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Pioneering Women Doctors

Geneva Medical College of New York admitted the first woman into its medical training program in 1847. What began as a joke within the male student body helped launch the beginning of new career goals for women. Dr. Elizabeth Blackwell was the first woman to enter and graduate from a medical program in the United States, yet even with this advancement, men continued to treat women as inferior. Dr. Blackwell was forced to travel to Europe to gain the necessary experience; Paris, France namely, which was the mecca for women interested in medicine at this time.

In the 1850s, Dr. Myra King Merrick emerged as a leading female physician in Cleveland. Dr. Merrick became interested in medicine when her husband became ill and his treatment fell upon her. She studied medicine at the Central Medical College in Rochester, New York, and worked as a nurse at the Hydropathic Institute in order to gain experience. In 1852 she returned to Cleveland with her family, and during the Civil War she relocated to Lorain County where she helped treat wounded soldiers.

In 1867, Dr. Merrick and Dr. Cleora Seaman founded the Cleveland Homeopathic College for Women on Prospect Avenue. When the Cleveland Homeopathic School of Medicine stopped admitting women into their medical program, Dr. Merrick and Dr. Seaman felt it was an injustice. Both doctors saw the dire need for women to have a place to learn and gain professional experience. The college produced a number of prominent Cleveland women doctors, including Dr. Kate Parsons, Dr. Sarah Marcus, Dr. Martha Canfield, and Dr. Josephine Danforth Gillette. These leading women physicians helped build the reputation of the Women's and Children's Free Medical and Surgical Dispensary, which eventually became Woman's General Hospital.

Dr. Merrick and Dr. Parsons founded the dispensary in 1878 and the other women doctors served not only as physicians, but also on the board of directors. Dr. Canfield in particular played an important role in the dispensary's transformation into a hospital. These women each helped pave the way for other women to achieve the dream of becoming doctors. They provided a place not only for education, but also for a chance to obtain experience in the field and pass their knowledge on to the next generation of women doctors.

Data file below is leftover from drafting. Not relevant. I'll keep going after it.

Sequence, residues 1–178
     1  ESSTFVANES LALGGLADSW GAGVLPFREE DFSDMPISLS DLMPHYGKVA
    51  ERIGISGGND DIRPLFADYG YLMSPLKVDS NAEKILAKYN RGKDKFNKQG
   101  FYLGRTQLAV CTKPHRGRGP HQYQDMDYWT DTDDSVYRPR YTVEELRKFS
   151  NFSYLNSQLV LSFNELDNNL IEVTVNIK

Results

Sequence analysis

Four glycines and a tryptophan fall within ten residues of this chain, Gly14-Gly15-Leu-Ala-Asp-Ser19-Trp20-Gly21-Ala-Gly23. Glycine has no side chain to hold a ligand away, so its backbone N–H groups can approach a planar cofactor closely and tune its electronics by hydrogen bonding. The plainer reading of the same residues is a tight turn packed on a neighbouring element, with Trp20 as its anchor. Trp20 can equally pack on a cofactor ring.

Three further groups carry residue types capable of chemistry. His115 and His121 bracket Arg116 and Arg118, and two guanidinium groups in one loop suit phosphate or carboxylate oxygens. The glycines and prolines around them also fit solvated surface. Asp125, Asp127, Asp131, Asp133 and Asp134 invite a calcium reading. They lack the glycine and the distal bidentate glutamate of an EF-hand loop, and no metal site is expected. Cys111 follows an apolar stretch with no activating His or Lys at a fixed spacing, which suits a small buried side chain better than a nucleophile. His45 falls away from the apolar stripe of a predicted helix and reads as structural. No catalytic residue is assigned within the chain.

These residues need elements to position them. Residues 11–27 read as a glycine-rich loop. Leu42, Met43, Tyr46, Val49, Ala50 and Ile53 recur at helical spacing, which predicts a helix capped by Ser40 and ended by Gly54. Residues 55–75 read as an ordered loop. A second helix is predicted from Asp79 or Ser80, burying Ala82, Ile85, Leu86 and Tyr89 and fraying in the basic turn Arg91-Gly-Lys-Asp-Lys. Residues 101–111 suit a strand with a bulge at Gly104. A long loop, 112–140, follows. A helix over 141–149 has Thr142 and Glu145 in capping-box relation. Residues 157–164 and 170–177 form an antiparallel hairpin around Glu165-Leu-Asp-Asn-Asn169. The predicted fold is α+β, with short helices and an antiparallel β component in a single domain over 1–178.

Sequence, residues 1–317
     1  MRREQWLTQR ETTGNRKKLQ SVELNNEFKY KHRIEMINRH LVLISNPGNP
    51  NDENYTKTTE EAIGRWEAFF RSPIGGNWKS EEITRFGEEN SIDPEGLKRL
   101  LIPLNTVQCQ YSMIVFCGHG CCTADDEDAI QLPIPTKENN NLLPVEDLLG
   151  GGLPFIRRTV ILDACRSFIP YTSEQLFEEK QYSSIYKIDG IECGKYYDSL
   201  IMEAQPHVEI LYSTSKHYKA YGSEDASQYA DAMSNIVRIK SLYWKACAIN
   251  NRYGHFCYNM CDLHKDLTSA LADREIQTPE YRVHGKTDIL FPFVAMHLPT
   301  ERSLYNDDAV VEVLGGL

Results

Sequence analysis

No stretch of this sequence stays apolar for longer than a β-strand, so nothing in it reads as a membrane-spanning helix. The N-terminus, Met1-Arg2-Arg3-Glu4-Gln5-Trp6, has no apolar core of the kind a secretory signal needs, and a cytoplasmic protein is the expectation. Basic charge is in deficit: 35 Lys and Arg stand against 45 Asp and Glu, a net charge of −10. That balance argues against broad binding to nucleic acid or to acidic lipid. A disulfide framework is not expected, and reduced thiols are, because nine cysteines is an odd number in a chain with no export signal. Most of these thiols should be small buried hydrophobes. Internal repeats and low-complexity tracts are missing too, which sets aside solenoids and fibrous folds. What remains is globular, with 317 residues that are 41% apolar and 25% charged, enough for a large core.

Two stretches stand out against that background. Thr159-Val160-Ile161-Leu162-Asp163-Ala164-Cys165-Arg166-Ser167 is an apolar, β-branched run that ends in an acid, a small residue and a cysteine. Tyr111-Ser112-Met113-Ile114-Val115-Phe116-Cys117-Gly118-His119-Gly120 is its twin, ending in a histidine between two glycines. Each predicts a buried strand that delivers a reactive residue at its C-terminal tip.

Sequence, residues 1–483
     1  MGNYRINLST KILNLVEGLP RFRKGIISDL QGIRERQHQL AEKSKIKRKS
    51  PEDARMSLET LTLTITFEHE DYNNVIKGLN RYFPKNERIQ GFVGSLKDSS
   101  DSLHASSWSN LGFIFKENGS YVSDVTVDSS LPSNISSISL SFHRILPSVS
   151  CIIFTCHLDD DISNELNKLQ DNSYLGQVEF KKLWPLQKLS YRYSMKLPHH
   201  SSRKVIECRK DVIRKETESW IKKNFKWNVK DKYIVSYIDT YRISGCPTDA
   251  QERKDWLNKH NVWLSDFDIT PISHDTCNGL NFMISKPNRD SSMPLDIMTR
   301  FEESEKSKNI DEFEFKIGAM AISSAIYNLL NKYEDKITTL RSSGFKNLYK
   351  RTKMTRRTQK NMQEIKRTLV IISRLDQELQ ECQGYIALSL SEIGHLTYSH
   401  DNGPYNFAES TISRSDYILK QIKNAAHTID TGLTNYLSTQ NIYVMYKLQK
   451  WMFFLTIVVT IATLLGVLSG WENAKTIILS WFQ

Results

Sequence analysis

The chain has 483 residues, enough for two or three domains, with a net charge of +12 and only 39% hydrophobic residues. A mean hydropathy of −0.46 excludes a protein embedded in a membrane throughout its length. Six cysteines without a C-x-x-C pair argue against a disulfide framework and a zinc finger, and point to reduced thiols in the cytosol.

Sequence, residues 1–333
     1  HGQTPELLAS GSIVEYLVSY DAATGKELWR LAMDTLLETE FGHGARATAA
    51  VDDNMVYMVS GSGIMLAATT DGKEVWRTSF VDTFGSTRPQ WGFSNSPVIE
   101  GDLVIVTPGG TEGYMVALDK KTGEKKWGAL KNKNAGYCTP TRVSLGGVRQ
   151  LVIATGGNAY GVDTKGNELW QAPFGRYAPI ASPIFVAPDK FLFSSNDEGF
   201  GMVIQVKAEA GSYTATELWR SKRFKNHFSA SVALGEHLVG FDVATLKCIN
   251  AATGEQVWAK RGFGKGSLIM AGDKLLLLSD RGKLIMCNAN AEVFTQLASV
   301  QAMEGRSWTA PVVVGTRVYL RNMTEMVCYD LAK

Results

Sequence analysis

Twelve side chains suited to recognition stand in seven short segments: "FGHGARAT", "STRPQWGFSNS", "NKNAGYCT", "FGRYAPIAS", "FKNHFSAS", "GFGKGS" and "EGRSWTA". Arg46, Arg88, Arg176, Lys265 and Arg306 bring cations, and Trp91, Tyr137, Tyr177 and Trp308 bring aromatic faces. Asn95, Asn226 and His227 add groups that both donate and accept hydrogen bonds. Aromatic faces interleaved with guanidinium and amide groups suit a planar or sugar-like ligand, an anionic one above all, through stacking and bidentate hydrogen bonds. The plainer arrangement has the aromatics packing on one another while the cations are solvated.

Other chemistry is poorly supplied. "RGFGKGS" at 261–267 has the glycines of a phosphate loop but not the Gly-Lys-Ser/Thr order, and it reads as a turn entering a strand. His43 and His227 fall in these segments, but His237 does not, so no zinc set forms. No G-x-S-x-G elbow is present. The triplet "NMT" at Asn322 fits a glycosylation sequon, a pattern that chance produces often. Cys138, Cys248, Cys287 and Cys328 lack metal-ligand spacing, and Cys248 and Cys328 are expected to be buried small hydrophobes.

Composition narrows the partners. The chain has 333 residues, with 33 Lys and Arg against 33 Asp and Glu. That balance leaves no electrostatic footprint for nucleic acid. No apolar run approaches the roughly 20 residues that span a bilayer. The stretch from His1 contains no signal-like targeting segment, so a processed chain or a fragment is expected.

Images

Dr. Martha Canfield Dr. Martha Canfield was instrumental in the advancement of the dispensary becoming a full-fledged hospital. Dr. Canfield served on the board of trustees and was also the president of the board. Source: Dittrick Medical History Center and Museum, Case Western Reserve University
Dr. Myra King Merrick Dr. Myra King Merrick was born in 1825 in Hinckley, Leicestershire, England and immigrated to America, ultimately settling in Cleveland in 1841. Dr. Merrick was instrumental in the establishment of the Women and Children's Free Medical and Surgical Dispensary. Image Courtesy of Dittrick Medical History Center and Museum, Case Western Reserve University.
Dr. Josephine Danforth Gillette Dr. Josephine Danforth Gillette played an integral role at Woman's General Hospital, serving on the board and playing an active role in the dispensary. Dr. Gillette was also instrumental in documenting the history of the dispensary and Dr. Merrick's time there. Dr. Gillette worked at the hospital until she retired in 1939. Image Courtesy of Dittrick Medical History Center and Museum, Case Western Reserve University.
Dr. Kate Parsons Dr. Kate Parsons was a graduate of the Cleveland Homeopathic College for Women in Cleveland. Dr. Parsons was a co-founder of the Women and Children's Free Medical and Surgical Dispensary along with Dr. Merrick. Dr. Parsons served as the first treasurer of the dispensary, and served on the board until her death. Image Courtesy of Dittrick Medical History Center and Museum, Case Western Reserve University.
Dr. Sarah Marcus Dr. Sarah Marcus was a graduate of the Cleveland Homeopathic College for Women, served as a practicing physician at the Woman's General Hospital, and later became head of the obstetrics and gynecology department. Dr. Marcus served on the board in the capacity of vice president and president. Dr. Marcus was also one of the first physicians to serve at the Maternal Health Association Clinic, which later became Planned Parenthood of Greater Cleveland. Dr. Marcus practiced under both Dr. Canfield and Dr. Gillette. Image Courtesy of Dittrick Medical History Center and Museum, Case Western Reserve University.
Women's Hospital Nurses, 1908 This photo depicting a pair of nurses was included in the annual financial report for the Woman's and Children's Free Medical and Surgical Dispensary in 1908. Image Courtesy of Dittrick Medical History Center and Museum, Case Western Reserve University.
Women's Hospital Nurses, 1950 During the renovations that took place at Woman's General Hospital in October of 1950, all equipment had to be removed from the affected areas. Here, a few nurses help by moving equipment out of the building on a cart. Image Courtesy of Cleveland State University. Michael Schwartz Library. Special Collections.
Women's Hospital Nurses, 1967 A pair of nurses test out new equipment on August 9, 1967, at Woman's General Hospital. Image Courtesy of Cleveland State University. Michael Schwartz Library. Special Collections.

Location

Metadata

Kimberly Cole , “Pioneering Women Doctors,” Cleveland Historical, accessed October 3, 2022, https://clevelandhistorical.org/index.php/items/show/589.